The Wall Street Journal's pay-walled "Power of Negative Thinking" is at the top of today's most popular recent articles, offering such tantalizing nuggets as:
Just thinking in sober detail about worst-case scenarios—a technique the Stoics called "the premeditation of evils"—can help to sap the future of its anxiety-producing power. The psychologist Julie Norem estimates that about one-third of Americans instinctively use this strategy, which she terms "defensive pessimism." Positive thinking, by contrast, is the effort to convince yourself that things will turn out fine, which can reinforce the belief that it would be absolutely terrible if they didn't.
Reading it, I couldn't help but reflect that defensive pessimism might have been a useful technique for the takers of the recent Michigan bar exam, given the dismal passage rate.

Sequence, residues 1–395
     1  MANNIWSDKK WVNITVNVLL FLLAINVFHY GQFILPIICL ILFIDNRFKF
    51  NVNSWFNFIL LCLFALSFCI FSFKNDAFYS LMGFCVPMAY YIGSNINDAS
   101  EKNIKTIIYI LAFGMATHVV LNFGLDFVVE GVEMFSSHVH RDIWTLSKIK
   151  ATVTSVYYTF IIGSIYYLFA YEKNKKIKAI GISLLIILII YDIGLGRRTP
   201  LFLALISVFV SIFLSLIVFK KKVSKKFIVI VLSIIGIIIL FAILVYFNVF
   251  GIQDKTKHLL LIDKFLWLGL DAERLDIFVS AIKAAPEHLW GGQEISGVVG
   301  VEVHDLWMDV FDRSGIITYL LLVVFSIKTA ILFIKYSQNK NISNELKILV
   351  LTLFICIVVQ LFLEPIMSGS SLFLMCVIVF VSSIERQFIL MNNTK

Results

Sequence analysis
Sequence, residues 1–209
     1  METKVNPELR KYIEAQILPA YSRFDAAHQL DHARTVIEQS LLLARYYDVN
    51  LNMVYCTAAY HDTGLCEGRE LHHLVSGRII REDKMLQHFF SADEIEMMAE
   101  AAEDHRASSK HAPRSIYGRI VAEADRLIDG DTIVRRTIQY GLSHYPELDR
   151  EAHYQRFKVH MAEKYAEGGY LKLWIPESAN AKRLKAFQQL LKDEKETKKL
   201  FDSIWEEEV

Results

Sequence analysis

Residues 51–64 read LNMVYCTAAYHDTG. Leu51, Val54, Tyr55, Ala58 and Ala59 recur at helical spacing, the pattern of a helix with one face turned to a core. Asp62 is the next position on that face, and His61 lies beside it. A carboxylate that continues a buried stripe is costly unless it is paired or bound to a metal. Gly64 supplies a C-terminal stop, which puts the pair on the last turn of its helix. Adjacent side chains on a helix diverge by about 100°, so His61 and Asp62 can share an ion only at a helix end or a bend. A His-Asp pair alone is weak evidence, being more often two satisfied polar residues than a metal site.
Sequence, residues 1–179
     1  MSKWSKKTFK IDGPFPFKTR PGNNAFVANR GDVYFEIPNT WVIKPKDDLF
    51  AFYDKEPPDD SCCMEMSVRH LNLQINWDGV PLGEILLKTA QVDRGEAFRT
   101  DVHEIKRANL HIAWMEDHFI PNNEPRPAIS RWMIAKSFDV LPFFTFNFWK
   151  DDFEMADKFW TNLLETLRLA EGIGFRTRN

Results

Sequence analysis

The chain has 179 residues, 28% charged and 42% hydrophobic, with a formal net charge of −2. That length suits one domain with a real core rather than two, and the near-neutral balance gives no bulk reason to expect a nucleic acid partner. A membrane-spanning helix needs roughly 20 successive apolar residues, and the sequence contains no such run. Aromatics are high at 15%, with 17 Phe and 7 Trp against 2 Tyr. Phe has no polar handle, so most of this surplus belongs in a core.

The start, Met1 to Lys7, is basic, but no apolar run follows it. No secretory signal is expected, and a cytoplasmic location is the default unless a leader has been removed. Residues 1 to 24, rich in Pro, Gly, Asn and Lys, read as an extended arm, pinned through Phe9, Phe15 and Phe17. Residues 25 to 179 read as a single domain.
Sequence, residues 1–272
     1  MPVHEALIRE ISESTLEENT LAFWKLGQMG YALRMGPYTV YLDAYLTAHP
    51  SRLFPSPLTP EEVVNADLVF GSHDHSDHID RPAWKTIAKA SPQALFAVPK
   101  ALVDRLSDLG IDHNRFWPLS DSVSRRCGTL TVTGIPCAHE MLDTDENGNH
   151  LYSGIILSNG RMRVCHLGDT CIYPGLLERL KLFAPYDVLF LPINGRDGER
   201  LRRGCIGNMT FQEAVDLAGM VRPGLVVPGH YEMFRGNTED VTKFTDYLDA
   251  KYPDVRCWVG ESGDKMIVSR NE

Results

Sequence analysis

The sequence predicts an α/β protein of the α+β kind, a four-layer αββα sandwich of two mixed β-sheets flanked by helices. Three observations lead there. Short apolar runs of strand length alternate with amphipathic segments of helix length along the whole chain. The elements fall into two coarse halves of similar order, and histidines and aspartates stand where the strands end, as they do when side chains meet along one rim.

The question of the role that optimism and pessimism play in lawyer behavior, success, and satisfaction has been the subject of academic attention, as noted in a prior SBM Blog post. Oft-cited is "Why Lawyers Are Unhappy" (PDF), by Martin E. P. Seligman. And check out this surprising piece from Law and Psychology Review -- "Cognitive Optimism and Professional Pessimism in the Large-Firm Practice of Law: The Optimistic Associate," by Arizona State law professor Catherine O'Grady (Michigan '81).
Meanwhile, we're awaiting Dan Bowling's three-year study on law what students’ strengths predict about their performance in law school and about their own sense of well-being, due, by our calculation, sometime in 2013.